Well it's been half a year but I'm back, and stronger than ever before if you ask me.
Some might've already noticed that there are some differences from my previous piece that was in progress. This is because I finally found the right paper and the right fine liners so I decided to do it all over, and I'm really happy I did.
So first off the Dimetrodon swamp. You see four Dimetrodon of which two male and two female. The females can be recognized outside of mating season by the green colour, they have this in order to blend into the shrubs when protecting the nest. The males are usually more green but during the mating season they get the most beautiful colouring to attract mates. You can see two males going at each other to impress the females. The second synapsid species here is the Secodontosaurus. They are smaller than Dimetrodon but they are still very capable hunters. They mostly feed on smaller creatures near the waterfront and sometimes they can be seen hunting fish in the water. Their diet consists of frogs, turtles, fish and rarely unsuspecting birds. There is also a small amphibian called Pantylus, there isn't much to say about this guy.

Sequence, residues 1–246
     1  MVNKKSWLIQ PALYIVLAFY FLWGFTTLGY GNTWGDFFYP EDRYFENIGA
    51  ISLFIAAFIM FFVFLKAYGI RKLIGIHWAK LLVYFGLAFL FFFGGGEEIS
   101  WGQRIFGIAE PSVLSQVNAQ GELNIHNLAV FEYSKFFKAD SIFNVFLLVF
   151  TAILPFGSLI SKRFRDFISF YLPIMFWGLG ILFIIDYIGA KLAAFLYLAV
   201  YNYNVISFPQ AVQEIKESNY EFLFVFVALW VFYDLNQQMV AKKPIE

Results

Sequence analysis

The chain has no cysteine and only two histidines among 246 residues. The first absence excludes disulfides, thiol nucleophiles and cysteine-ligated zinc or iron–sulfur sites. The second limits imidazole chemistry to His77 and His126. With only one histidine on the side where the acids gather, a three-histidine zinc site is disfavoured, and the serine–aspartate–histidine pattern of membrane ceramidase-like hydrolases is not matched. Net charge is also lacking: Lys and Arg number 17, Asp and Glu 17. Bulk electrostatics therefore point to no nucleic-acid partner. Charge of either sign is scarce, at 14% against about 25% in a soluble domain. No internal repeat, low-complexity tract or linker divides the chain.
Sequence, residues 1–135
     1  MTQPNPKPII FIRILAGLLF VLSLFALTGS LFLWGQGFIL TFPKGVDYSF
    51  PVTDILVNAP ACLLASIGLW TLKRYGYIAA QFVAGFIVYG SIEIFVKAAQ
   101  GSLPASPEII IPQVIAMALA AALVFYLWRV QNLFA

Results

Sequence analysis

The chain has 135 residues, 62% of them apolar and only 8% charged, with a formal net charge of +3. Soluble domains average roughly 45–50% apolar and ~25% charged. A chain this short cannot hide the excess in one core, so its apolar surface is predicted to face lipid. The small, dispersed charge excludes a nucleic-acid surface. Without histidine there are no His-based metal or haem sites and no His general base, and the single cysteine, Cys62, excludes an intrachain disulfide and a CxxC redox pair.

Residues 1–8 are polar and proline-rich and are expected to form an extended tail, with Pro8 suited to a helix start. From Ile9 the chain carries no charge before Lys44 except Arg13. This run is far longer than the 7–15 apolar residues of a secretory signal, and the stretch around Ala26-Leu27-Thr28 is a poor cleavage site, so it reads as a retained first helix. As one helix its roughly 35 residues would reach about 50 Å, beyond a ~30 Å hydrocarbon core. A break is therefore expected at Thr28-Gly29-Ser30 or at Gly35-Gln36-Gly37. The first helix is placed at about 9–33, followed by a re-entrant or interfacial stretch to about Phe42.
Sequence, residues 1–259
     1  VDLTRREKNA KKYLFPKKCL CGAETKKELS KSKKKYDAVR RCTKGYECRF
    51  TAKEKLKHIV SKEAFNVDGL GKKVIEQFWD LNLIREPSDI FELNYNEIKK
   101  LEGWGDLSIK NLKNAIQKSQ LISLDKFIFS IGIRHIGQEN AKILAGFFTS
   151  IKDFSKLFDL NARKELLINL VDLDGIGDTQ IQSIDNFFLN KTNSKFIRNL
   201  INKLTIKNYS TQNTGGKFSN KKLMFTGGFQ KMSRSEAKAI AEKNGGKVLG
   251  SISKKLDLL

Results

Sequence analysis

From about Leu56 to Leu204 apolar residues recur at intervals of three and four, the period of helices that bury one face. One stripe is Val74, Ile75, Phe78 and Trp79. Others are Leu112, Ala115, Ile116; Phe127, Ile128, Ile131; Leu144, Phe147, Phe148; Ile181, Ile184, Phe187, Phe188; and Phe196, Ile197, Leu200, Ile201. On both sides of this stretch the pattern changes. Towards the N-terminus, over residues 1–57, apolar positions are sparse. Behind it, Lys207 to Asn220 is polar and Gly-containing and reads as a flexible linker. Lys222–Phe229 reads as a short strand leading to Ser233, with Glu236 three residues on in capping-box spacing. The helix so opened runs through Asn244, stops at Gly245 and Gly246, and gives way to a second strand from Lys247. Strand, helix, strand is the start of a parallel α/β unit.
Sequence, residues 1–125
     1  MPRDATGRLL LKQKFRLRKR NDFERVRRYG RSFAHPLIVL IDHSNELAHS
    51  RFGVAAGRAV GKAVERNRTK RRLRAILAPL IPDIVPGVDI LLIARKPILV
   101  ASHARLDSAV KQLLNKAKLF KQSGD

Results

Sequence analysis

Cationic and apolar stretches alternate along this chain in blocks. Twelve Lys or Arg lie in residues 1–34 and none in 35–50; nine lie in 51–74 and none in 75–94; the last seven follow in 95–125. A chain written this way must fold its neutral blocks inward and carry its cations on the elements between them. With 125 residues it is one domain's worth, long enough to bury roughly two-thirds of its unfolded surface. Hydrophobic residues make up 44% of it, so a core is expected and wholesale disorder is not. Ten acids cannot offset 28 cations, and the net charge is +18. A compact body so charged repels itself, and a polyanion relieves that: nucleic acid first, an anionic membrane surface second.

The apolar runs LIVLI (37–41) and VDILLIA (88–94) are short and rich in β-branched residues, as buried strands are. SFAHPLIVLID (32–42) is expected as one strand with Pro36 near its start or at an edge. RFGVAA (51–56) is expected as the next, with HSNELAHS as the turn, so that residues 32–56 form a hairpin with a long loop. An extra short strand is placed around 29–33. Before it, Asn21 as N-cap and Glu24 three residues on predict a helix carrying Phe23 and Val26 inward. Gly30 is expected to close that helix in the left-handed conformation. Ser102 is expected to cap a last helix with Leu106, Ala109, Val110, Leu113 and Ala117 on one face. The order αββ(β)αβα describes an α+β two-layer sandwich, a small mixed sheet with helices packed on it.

Second we've got the Inostrancevia dessert. Here we've got two more synapsid species, namely the Inostrancevia and the procynosuchus. Inostrancevia acts a lot like dogs, we imagined that these large predators would be solitary but instead they hang around rather often. This might be because we feed them so there is no competition for food which lets them be more relaxed. The procynosuchus usually live in pairs. They are almost completely monogamous and do not tolerate any other in their territory.
Last but not least, the arachosaurs. These primitive crocodillians are what you'd expect. They hang around at the water side and bask in the sun most off the day. They share their river delta with shy obirkovia. This animal is rarely seen, though this is mostly because of it's size and their ability to blend into the rocks. The last species on the list is the rautiania. This flying reptile is frequently seen gliding between the trees to catch flies. They also like hanging out on the water side because of the open spaces and the high density of insects.
Hope you guys enjoy it, have a good one